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PSYC-261 Brain and Behavior (Raskin)   Tags: brain behavior masino raskin  

Last Updated: Mar 26, 2014 URL: Print Guide RSS Updates

Doing Academic Research Print Page

Subject Guide

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Finding Scholarly Publications

Use these databases to find background information, popular, and scholarly publications on your topic:

  • AccessScience  
    Search either the Encyclopedia or the Science Dictionary for best results. Try the subject-specific study guides for background on a topic.
  • Annual Reviews  
    Literature reviews from 32 disciplines in the biomedical, physical and social sciences.
  • JAMA (J. of the American Medical Association)  
    Online access from 1998-present.
  • JSTOR  
    Archive of past issues of scholarly journals from all areas of study.
  • Nature  
    Full-text access to this premiere research journal.
  • New England Journal of Medicine  
    Online access to this important medical journal from 1990-present.
  • PsycARTICLES  
    Full-text journals collection that includes the 41 journals published by the APA (American Psychological Association) and additional journals from allied organizations.
  • PsycINFO  
    Indexes and abstracts journal articles, book chapters, books, dissertations and technical reports published worldwide in the field of psychology.
  • PsycTESTS
    Collection of psychological tests and measurements.
  • PubMed  
    World's largest database for biomedical literature.
  • Science  
    Full-text edition of this premier research journal.
  • Science Direct journals  
    Large collection of science journals and e-books. Most of the full-text content is pay per view by the library.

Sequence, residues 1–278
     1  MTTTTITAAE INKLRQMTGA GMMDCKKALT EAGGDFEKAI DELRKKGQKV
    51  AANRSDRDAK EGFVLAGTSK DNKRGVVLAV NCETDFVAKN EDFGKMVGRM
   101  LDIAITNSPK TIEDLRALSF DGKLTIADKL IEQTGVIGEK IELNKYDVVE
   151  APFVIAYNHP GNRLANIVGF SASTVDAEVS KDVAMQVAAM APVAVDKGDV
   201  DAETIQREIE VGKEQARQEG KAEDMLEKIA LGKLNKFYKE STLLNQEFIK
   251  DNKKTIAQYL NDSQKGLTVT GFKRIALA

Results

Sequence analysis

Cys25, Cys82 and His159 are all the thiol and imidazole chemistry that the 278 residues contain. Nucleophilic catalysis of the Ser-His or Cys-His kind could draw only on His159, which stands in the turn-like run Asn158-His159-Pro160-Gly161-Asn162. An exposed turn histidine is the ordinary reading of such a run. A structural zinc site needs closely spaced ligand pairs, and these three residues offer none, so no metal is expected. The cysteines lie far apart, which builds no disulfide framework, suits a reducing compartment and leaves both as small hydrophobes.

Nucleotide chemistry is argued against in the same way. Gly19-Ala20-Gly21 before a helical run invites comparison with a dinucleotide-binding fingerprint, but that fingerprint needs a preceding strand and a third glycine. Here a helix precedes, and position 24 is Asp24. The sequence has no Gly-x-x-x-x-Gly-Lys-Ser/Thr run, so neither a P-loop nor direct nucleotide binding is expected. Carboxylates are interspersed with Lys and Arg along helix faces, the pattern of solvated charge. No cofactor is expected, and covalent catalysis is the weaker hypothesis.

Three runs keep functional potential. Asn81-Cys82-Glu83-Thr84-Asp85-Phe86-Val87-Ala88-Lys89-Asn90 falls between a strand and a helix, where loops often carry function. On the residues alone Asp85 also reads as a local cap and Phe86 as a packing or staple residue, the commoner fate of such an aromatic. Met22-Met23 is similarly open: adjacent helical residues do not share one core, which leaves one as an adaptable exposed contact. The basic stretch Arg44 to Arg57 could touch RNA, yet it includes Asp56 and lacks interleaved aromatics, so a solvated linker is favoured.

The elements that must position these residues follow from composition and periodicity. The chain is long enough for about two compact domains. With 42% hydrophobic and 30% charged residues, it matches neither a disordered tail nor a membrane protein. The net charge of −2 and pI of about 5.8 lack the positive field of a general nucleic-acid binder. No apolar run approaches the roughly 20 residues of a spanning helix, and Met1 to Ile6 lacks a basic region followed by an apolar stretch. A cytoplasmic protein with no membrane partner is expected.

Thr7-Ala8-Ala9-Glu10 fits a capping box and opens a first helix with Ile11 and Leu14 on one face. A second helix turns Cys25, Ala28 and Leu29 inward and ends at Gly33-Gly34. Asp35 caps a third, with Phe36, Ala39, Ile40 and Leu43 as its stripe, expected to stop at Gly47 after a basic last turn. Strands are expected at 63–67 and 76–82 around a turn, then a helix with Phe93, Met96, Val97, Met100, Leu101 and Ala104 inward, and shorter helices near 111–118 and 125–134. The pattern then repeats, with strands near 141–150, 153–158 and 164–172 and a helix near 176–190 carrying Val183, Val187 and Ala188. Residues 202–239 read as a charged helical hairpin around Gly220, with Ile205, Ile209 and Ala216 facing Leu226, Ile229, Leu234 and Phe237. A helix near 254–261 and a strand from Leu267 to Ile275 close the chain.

• Scientific American Archive  
    Complete editorial pages of Scientific American.
  • Web of Science  
    Citation search platform for Web of Science (Science Citation Index, Social Sciences Citation Index,
    and Arts & Humanities Citation Index).

Identifying Scholarly Publications

Content is published in a wide variety of formats and for diverse audiences.

You should always make your own assessment of the reliability, significance, and purpose of the literature you engage to support your own work. But here are some general guidelines.

In the form of books or articles:

  • Scholarly publications are written by scholars and experts, usually published in academic journals or by academic publishers, and read by other interested scholars and experts. They present original research and new approaches to their fields of research.
  • Popular publications are easier to identify--they've got content written by journalists rather than scholars or experts, are published in the form of newspapers or entertaining magazines, and are read everyday by ordinary people.
  • Professional publications cover professional development, news, and issues for respective communities of practice, focusing on the conditions and concerns of practitioners in those communities. They're often published by professional associations, and written by practitioners for practitioners.

If you're after scholarly articles, then limit your searches in databases to material that is peer-reviewed. Here's a quick summary of what 'peer-reviewed' means: articles in scholarly journals have been evaluated (reviewed) by a committee of scholars (peers) before publication.

In the sciences, scholarly publications that feature original research are known as the primary literature.



Google Scholar

Google Scholar

You can find scholarly articles in this search engine, too--it searches the content of our databases, as well as other scholarly Web sites, and links to full text when it's available.

Note: you must be on the Trinity network to get the full text!


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